46. inconsitent RF – age 23
    uhhhhh, a CF? – age 28
    potentially great LF – age 25
    good for now 3b – age 28
    an amazing defensive SS – age 23
    Uggla – 33
    good 1b – age 23
    All Star catcher – age 29
    catcher in waiting – age 26

    and a lot of good young pitching.

    A nice young core of position players, a decent farm system that seems to be producing MLB ready talent at a decent pace. A solid front office. We are lucky fans.

  47. @61, it means at least he can consistently throw the ball over the plate. I’ll take that for the first time back. He wasn’t falling behind hitters and having to groove one, he was just wild in the strike zone. Once he starts getting movement on his pitches he’ll be fine.

  48. @61, especially given that 2 of the K’s were against the pitcher.

    I’m not down on him – this is par for the course with respect to the comeback process. The question for this year is can he and Wood eat enough innings to keep our pen from being overtaxed, and can we win enough of their starts to make winning the division a non-issue. If the answer is “not sure” then I think you have to make a deal for a starter.

  49. Eek, I don’t know alot about Naples, honestly. I worked there for awhile, but I’ve never lived there. Do you know where you’re going to be working?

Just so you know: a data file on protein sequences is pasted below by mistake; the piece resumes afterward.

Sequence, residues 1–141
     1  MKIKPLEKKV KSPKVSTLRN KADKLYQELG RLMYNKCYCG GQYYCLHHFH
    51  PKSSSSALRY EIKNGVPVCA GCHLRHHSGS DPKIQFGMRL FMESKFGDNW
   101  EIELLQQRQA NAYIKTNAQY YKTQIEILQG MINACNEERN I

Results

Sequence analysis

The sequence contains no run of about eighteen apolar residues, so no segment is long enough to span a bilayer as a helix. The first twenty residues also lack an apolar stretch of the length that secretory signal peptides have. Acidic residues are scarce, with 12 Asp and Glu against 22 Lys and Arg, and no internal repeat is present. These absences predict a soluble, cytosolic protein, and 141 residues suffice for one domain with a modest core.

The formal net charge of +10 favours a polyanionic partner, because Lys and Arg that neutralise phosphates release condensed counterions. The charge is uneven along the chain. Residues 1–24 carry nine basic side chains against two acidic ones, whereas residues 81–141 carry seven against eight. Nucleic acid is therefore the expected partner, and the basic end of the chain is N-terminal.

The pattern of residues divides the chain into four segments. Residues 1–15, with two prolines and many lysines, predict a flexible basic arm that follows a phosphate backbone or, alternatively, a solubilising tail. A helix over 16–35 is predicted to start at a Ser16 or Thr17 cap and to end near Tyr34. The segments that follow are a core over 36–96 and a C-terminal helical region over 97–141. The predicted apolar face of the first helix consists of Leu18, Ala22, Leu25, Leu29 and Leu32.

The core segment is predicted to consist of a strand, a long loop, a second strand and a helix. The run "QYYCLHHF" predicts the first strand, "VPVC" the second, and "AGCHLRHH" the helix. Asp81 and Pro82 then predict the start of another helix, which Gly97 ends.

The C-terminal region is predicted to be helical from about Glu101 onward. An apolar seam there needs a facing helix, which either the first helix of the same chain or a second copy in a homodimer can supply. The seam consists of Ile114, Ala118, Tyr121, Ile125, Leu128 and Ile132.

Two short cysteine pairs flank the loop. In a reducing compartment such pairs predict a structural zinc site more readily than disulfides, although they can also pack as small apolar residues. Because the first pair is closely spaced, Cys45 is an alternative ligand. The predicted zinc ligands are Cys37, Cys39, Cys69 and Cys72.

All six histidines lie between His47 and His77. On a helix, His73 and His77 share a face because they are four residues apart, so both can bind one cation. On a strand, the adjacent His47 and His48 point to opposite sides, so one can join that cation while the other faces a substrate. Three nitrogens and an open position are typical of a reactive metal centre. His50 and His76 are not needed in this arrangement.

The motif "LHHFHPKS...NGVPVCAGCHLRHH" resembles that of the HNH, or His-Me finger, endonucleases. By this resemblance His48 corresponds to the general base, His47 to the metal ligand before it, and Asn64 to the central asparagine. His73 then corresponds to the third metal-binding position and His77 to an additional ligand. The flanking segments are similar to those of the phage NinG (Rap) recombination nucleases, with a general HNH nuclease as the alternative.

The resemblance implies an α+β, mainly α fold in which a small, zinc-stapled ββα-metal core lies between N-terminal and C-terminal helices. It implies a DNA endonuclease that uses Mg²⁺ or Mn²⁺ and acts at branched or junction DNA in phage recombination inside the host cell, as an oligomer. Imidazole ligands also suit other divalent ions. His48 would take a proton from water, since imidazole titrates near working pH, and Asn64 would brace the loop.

50. Yeah, there’s plenty of old folks in Naples. Driving slow. Turning right from the center lane.

  51. @61- a 25% K-rate is just fine, thank you very much. Actually, that’s probably close to (better than?) what he was doing prior to his injury. And a 5% walk rate is okay. I’m not saying I was impressed. Just that I’m not particularly worried about him going forward.

    @59- I completely agree. I mentioned it earlier. How quickly (and accurately!) he got the ball to 2B blew my mind.

  52. You can spin it however you like, but giving up 9 base runners and 5 earned runs over 3 innings is a shit start. I don’t care if you K the side and end with 9 strikeouts. 9 base runners and 5 earned in 3 measly innings is crap.

  53. Here’s you twitter update for those who don’t.. twit?

    1. Heyward CF 2. J Upton RF 3. Freeman 1B 4. Gattis LF 5. McCann C 6. C. Johnson 3B 7. Uggla 2B 8. Simmons SS 9. Wood P

    BJ to begin rehab tomorrow, play at least three games. Schafer expected to begin rehab on Saturday.

  54. More proof Evan Gattis is the world’s most interesting man.

    “I don’t always start. But, when I do, I bat cleanup.”

  55. Maybe not yet, but I do think Wood’s long-term future is as a starter.

    Btw, has anyone seen Jeremy Schaap and Anthony Weiner in the same room?

  56. The problem with Wood as a long-term future starter is the same problem as Brandon Beachy in six months. It doesn’t help win a WS in 2013.